By the time Nikolai returned from the seas, their relationship had transformed into a romantic cold war and the question of their inevitable reconciliation was a fine backdrop for the next chapter in Dante’s tale as the Sword of the Tsar.

 * * *

The ease with which Dante fitted in to the Imperial Court was a little jarring, but the fresh legs the new status quo gave the series was more than enough to compensate for this. The fates of several minor characters, some of which had been dangling for years, were finally revealed and Dante used his position to gather up some occasionally unexpected allies as he swore loyalty to his bitter enemy.

Dante’s service under the Tsar could not last. Last year, it all came to a head in the stunning Amerika story, where Nikolai and Jena were sent to the former superpower to enact the Tsar’s will. While there was the usual cheap thrill of seeing beloved American comic characters such as the Fantastic Four and Captain America transform into nasty analogies in the hands of a British writer, there was also a lot of depth in the story, as Dante is pushed to the limits of his fealty. 

At one point, Dante sees a picture of himself, taken several years ago, hanging in the room of a young girl who just blew herself up in a crowd of Imperial soldiers, and the difference between the two Dantes is huge. The crushing weight of his own deeds and legacy is hanging on his shoulders. Morrison is incredibly good at letting the silent panel speak for itself, often ending entire storylines on an ambiguous smirk or a sudden realisation, but this was one of the best moments.

Dante’s reaction to the horrific climax of Amerika is genuinely shocking, even as it is tempered with some disbelief that it took so long to happen in the first place. Since then, the story has kicked up into its final gear.

Right now, the story might just be at the most interesting place it has ever been. A decade of plot development and character growth is finally paying off in fascinating ways. Dante has his army of thieves and whores, and is poised to destroy the empire responsible for so much death and misery.

It’s unlikely to end well for Dante on a personal level. With Jena finally at his side and choosing to defy her father, some sort of tragedy is inevitable. It’s highly probable that the series will end with Dante’s death, defying authority to the end, taking his enemies all down with him.

And that’s not so bad. Dante has already been promised by a clairvoyant (another of his beautiful victims who suffer for his sins), that his death will be spectacular, and Dante needs nothing else. His life has been loud and bright and extraordinary, his demise will undoubtedly be the same.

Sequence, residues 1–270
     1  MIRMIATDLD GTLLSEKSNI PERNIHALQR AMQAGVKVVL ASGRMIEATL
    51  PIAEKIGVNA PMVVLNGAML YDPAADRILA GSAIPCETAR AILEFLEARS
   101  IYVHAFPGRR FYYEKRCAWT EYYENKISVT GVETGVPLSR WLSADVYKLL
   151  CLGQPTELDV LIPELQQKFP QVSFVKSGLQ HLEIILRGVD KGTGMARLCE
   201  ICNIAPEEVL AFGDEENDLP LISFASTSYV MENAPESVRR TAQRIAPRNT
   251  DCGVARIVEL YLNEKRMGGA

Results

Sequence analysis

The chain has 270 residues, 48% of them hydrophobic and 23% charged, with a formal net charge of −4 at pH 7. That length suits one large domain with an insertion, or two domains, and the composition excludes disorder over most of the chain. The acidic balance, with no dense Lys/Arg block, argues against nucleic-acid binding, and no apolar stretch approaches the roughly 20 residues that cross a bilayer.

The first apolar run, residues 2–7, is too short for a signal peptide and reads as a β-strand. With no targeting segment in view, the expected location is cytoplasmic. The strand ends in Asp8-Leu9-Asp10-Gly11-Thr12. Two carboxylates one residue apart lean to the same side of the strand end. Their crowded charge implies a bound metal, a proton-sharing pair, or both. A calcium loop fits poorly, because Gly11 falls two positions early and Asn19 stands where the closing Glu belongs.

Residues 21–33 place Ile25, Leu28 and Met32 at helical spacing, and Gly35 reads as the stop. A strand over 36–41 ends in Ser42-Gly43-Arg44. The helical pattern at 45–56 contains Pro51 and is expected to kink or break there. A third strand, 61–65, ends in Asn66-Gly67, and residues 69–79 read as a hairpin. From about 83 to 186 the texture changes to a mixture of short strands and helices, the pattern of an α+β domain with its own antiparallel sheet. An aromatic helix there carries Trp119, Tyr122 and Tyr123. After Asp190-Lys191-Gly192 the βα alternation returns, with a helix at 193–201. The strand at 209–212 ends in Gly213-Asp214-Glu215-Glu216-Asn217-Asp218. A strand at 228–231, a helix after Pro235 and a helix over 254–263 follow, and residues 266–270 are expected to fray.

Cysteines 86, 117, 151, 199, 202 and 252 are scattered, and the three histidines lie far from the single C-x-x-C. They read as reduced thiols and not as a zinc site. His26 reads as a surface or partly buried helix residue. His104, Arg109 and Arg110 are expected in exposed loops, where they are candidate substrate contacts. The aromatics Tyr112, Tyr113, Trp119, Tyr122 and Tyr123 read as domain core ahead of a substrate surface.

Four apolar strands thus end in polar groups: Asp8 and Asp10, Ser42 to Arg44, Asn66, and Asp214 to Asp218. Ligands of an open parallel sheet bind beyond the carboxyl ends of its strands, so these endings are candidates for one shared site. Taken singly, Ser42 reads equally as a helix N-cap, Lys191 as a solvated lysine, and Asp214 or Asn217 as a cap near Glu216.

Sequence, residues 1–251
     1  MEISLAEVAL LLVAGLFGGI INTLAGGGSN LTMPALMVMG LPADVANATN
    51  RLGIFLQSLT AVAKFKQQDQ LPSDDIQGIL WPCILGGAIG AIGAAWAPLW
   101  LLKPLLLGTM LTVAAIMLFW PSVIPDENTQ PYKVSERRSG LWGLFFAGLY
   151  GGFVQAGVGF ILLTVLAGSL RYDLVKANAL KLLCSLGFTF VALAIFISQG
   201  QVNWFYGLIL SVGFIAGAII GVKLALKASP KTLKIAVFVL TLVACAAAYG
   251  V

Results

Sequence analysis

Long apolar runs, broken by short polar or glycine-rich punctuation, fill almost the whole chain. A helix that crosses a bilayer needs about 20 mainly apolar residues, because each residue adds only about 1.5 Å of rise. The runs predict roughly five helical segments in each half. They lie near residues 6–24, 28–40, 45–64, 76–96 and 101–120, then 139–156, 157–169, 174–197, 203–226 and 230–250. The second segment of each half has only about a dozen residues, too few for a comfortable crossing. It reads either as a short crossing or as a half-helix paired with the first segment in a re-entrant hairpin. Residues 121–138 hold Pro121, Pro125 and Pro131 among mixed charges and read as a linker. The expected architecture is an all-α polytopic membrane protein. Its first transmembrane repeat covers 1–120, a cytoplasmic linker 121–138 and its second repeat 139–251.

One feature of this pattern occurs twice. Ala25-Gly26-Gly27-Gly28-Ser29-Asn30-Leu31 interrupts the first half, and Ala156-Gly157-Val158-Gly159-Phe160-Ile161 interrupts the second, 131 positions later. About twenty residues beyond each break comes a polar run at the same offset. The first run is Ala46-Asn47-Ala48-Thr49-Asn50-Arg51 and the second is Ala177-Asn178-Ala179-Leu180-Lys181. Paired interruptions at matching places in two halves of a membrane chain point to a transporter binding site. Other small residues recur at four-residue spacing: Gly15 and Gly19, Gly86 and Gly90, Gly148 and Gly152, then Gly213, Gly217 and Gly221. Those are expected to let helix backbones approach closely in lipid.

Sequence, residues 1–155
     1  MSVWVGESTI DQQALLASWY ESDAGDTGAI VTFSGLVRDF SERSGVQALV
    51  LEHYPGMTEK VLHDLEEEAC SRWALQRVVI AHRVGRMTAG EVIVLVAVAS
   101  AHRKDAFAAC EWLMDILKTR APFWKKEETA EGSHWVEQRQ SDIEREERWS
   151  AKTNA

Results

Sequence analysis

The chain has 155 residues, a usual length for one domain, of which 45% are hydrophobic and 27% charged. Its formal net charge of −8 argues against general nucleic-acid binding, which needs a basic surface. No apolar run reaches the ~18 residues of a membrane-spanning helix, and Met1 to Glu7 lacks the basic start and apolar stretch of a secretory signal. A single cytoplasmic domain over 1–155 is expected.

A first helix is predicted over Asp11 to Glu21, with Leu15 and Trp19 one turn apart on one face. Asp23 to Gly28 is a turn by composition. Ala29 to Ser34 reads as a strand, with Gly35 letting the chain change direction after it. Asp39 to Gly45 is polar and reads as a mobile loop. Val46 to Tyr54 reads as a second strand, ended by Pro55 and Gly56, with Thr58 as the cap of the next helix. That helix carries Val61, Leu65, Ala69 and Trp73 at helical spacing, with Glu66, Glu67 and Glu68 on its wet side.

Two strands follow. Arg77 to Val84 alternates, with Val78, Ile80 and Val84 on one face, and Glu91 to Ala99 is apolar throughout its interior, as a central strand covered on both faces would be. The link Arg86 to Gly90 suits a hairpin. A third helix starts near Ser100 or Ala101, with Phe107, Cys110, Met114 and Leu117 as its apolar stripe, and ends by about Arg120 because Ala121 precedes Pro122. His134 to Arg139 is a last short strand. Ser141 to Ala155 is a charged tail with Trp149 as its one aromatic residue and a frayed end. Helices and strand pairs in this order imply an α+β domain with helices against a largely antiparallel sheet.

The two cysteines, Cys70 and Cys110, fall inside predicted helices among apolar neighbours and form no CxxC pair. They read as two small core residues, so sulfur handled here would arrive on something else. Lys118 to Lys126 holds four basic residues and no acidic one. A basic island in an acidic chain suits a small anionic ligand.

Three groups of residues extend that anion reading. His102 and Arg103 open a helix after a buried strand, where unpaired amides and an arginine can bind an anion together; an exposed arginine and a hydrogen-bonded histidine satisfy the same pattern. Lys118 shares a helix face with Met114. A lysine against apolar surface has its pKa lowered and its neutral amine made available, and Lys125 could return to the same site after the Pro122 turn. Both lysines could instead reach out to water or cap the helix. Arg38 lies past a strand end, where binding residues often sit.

* * *

When I got back into 2000ad after an absence of eight years, it was all Nikolai’s fault. 

I just regret taking my time about it. By the time I started buying new 2000ad comics from the local bookshop for the first time this century, I had been out of Tharg's orbit for a long, long time. I had missed hundreds of issues and hundreds of stories.

It took a while to fill that hole and it's an ongoing process, but I’m getting there. In the last couple of months, I’ve bought 13 2000ad progs with Nikolai’s adventures contained within, and some of the gaps in my knowledge is slowly being filled in.

It’s a little weird, reading it in such a non-linear order. The first Dante stories I ever read were set both during the war and before, years apart from each other in the narrative (and publishing order), but read within seconds of each other. I only discovered last month how the Tsar came to power, even though the strip revealed this fact nine years ago.

But it all helps keep the interest up, and I’m staying well away from any spoilers that could ruin this last run. It takes nearly three months for 2000ad issues to get here from the UK and I’m determined to keep myself from skipping ahead to see how it all works out.

Because I really do believe Nikolai Dante is a fantastic comic, one that I’ve enjoyed immensely over the past few years, one that I look forward to every week.

Nikolai Dante is my favourite comic of the decade.

* * *

Almost all of Nikolai Dante’s adventures are available in trade paperback, although they may be difficult to track down. The Tearoom of Despair reckons you should, because it would be good for you. 

For an example of how good Simon Fraser can sometimes be, check out his Lilly McKenzie webcomic.

1 comment:

Mike Gloady said...

Fantastic overview of easily the most imaginative story to appear in 2000ad in many a year.

Hope you enjoy the closing chapters as much as I think I will.